@mjdietzx First, you should never call .forward directly on the model. Just do discriminator(x_hat). The error should tell you exactly what's wrong - output of discriminator is not a scalar, so you need to specify a third argument to autograd.grad. You can find the description in the docs.

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After fixing my first problem based on your suggestions I also now get the same error RuntimeError: ConvBackward is not differentiable when calling backward() on the gradients. so I guess gradient penalty in wGAN wont be possible until support for higher order derivatives is adding to existing autograd functions? is that on the roadmap @apaszke ?

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mjdietzx commented May 8, 2017

After fixing my first problem based on your suggestions I also now get the same error RuntimeError: ConvBackward is not differentiable when calling backward() on the gradients. so I guess gradient penalty in wGAN wont be possible until support for higher order derivatives is adding to existing autograd functions? is that on the roadmap @apaszke ?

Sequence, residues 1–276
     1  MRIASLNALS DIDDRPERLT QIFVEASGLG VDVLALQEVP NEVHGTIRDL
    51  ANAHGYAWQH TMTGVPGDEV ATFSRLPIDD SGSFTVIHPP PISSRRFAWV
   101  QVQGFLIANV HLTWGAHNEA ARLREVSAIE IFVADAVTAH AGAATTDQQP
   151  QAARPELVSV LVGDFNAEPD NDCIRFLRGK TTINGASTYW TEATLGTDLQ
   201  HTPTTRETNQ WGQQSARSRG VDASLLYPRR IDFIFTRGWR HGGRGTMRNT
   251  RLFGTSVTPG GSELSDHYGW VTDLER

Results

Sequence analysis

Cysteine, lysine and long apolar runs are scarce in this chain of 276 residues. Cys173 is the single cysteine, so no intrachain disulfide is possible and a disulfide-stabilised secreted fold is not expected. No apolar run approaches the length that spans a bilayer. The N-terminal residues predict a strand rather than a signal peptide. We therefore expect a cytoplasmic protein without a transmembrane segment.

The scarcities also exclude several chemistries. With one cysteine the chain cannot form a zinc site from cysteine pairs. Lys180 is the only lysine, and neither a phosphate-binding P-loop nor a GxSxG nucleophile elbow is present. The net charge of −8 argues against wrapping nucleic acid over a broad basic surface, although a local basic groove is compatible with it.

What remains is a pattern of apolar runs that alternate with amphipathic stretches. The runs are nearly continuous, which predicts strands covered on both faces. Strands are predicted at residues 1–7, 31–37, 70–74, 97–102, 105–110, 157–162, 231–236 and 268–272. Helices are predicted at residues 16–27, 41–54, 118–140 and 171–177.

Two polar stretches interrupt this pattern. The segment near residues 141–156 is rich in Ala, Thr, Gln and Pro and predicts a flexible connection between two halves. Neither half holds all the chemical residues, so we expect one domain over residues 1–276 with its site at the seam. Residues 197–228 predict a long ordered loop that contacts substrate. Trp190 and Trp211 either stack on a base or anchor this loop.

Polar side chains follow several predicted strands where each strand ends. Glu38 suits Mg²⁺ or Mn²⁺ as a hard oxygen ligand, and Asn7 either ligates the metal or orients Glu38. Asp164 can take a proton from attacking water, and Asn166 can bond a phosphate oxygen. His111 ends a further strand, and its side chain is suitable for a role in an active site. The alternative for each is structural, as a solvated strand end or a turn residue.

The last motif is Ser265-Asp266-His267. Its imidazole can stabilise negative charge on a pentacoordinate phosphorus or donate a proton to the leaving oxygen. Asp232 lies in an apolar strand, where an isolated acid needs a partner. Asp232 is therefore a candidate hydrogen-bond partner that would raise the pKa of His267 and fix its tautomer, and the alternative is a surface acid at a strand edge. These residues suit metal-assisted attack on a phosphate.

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It is, but we need a while to adapt the codebase (and the conference season doesn't help with that).

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apaszke commented May 8, 2017

It is, but we need a while to adapt the codebase (and the conference season doesn't help with that).

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Also, we're accepting PRs that adapt existing functions for higher order grads (I think there are 2 like that open at the moment, and a few already merged).

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apaszke commented May 8, 2017